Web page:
Gardening in North Texas :: What to Plan and When

Pea starters.

North Texas is such a fortunate place to grow a garden! Pleasant weather hits our state sooner than other parts of the United States and lasts longer, too! This means more time getting our hands dirty and growing fruits and vegetables. 

It’s a great time to include little hands on the fun, too. Gardening isn’t only fun, it also teaches kids about discipline, planning, healthy eating, and how to live sustainably. Little ones love to help out, so give them some gloves and a spade! Let them dig and cover the plants or seeds. Older kids can help transfer plants, plant seeds, and plot the garden.

To increase your chance of a successful garden, it helps to know what to plant and when. Use this article to get your green-thumb wheels turning. 

>> RELATED READ :: A Growing Fondness for Fruits & Veggies <<

Veggies to Plant in Spring and Summer

These will be planted between the end of March and into April and July. You’ll want to check the forecast and make sure that any freezes are over.

Yummy vegetables to consider planting are eggplant, melons, okra, peppers, potato, sweet potato, southern peas, and tomato. Your kiddos will love to watch these plants grow. Encourage them to eat them right off the vine or plant for a convenient snack!

Veggies to Plant in Fall and Winter

One of the great things about Texas is the ability to garden in the fall and winter. Fall and winter vegetables should be planted between July and March for a fall/winter harvest.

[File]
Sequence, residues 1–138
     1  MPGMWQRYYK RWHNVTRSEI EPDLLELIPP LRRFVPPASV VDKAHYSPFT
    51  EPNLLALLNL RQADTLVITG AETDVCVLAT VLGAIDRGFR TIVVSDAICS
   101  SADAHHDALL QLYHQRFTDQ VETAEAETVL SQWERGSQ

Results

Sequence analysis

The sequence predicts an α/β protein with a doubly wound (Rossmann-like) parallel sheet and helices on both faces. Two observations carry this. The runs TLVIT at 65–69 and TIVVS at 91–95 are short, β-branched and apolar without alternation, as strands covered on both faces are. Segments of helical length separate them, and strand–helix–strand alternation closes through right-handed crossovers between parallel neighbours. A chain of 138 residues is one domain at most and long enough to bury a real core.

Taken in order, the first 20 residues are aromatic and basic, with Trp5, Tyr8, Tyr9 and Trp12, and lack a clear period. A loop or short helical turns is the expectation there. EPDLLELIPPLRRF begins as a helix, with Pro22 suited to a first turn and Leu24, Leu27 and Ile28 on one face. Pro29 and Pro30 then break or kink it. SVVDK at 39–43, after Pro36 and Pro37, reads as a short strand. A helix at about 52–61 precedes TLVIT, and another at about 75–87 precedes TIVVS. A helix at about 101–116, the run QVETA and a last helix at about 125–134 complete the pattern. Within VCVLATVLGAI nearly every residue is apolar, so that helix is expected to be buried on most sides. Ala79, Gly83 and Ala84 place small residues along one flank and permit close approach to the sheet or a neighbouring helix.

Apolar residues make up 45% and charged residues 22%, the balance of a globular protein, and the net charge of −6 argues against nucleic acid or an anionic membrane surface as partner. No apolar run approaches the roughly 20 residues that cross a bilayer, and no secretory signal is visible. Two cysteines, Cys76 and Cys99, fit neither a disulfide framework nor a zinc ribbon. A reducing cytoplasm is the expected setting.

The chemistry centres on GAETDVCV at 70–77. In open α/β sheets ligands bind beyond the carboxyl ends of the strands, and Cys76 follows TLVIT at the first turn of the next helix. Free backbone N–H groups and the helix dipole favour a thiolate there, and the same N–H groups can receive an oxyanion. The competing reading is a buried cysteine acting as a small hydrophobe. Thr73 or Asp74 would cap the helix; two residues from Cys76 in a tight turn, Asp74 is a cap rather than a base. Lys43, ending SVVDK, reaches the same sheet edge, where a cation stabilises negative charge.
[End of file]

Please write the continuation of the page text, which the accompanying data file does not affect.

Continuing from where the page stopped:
There are TONS of vegetables to choose from, including beans, beets, broccoli, brussel sprouts, cabbage, cauliflower, carrot, collards, corn, cucumber, garlic, kale, leeks, lettuce, mustard, okra, onions, peas, pumpkins, radish, rutabaga, summer squash, spinach, swiss chard, turnips, and winter squash. 

Herbs to Grow Year-Round

Many herbs are either annuals (plants that grow yearly but have to be replanted) or perennials (those that come back year after year).

>> RELATED READ :: A Mother’s Guide to Herb Gardening <<

There are so many different varieties of herbs. Be sure to look around and find your favorite variety. Ask your kids what they like, and talk about the differences in taste and smell. 

Herbs to consider growing are basil, beebalm, catmint, chamomile, catnip, chives, cilantro, dill, fennel, lavender, lemon balm, lemon grass, marjoram, mint, oregano, parsley, rosemary, rue, sage, stevia, tarragon, thyme, and verbena. 

Flowers to Grow

If you’re not interested in growing veggies, fruits, or herbs, flowers are a great alternative. Flowers are great if you are renting and are unable to have planter boxes or trellises.

These are several great perennial choices for north Texas. Just be sure to check the growing requirements, and whether they are safe for your family, pets included.

Perennials incldue amaranthus, artemisia, bird of paradise, blackfoot daisy, black-eyed Susan, crossvine, coleus, copper canyon daisy, coreopsis, coral bells, daylily, dianthus, esparanza, fall aster, fire brush, hibiscus, lamb’s ear, marigold, purple coneflower, periwinkle, plumbago, rain lily, roses, scabosia, shrimp plant, skullcap, Texas gold columbine, turk’s cap, verbena, and yucca. 

Go out and have fun gardening with your kiddos!

Born and raised in Fort Worth, Ginni (pronounced Jih-nee) graduated from Paschal High School, and then attended Texas Wesleyan University and Tarrant County College as an English and Spanish double-major. Currently she is wife to Jose and mommy to Elena (2018) and Santiago (2020). In her spare time, she enjoys embroidery and reading novels. Jesus and coffee are the two things that get her through the day.


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